NAACP Chairman Julian Bond opened the organization's 95th annual convention with harsh words for the Republicans and the President.
The Republican Party appeals to "the dark underside of American culture, to that minority of Americans who reject democracy and equality," snarled Bond, who later said he feared President Bush was "going to repeal the 14th amendment" guaranteeing equal protection under the law.
The harsh words have become a tradition for Bond. Since becoming chairman of the NAACP in 1998, he has consistently used the organization's conventions to publicly proclaim his distaste for the Republicans. He's alternately referred to them as "neo-fascists," "the white-people's party" and "a crazed swarm of right-wing locusts" that have sought to "subvert, ignore, defy and destroy the laws that require an America which is bias-free." Bond opened the NAACP's 93rd annual national convention July 11 by comparing President Bush to a "snake oil" salesman.
Ironically, Bond also expressed disappointment that President Bush chose not to participate in this year's convention. As with most of Bond's remarks, this should be taken with a handful of salt. After all, why on earth would President Bush attend the conference of an organization that openly attacks him, consciously polarizes the race debate against Republicans and effectively acts as the black wing of the Democratic Party?
That's the question I put to Bond, who simply told me the NAACP is a non-partisan civil rights organization that just happens to agree with the Democrats on several key issues.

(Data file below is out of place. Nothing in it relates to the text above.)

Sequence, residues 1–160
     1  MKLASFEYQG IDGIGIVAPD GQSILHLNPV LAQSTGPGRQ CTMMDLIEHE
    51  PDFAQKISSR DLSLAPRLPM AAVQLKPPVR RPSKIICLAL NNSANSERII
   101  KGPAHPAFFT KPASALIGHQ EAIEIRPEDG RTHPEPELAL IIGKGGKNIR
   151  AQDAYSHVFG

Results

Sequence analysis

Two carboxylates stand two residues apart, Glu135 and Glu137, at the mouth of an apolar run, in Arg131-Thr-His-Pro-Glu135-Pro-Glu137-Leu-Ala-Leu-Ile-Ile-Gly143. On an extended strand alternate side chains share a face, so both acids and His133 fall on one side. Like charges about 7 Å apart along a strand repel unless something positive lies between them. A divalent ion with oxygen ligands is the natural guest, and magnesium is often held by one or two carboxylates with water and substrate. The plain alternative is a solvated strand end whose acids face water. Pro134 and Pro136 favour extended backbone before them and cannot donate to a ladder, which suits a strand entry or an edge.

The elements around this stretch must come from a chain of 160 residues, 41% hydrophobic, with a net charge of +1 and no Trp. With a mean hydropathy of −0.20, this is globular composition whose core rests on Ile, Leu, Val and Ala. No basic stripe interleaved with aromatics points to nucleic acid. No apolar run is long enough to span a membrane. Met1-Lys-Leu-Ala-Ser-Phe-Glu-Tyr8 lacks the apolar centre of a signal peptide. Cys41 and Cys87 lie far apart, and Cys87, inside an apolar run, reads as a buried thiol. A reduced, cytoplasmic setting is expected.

Of course, the reality is that the NAACP sold out its non-partisan civil rights mission. The change occurred on or about 1995. At the time, the NAACP was foundering amidst charges of sexual harassment and economic improprieties. "We were $4.5 million in debt. We had scandal in the organization. Our very existence was threatened," said Bond, who responded by engaging the services of a headhunting agency to replace the organization's president and CEO.
The firm whittled a pool of 2,000 applicants down to 50. The NAACP's governing board then narrowed the list of applicants to 12. "Kweisi Mfume was the last person we interviewed," says Bond. "When he walked in the room, you could just see people thinking, we've got our man."
With characteristic zeal, Mfume promised to reenergize the organization along overtly political lines. "The extreme ultraconservative policies of the far right are Draconian and punitive," he said, while mapping out a new agenda that would energize black voters for the Democratic Party.
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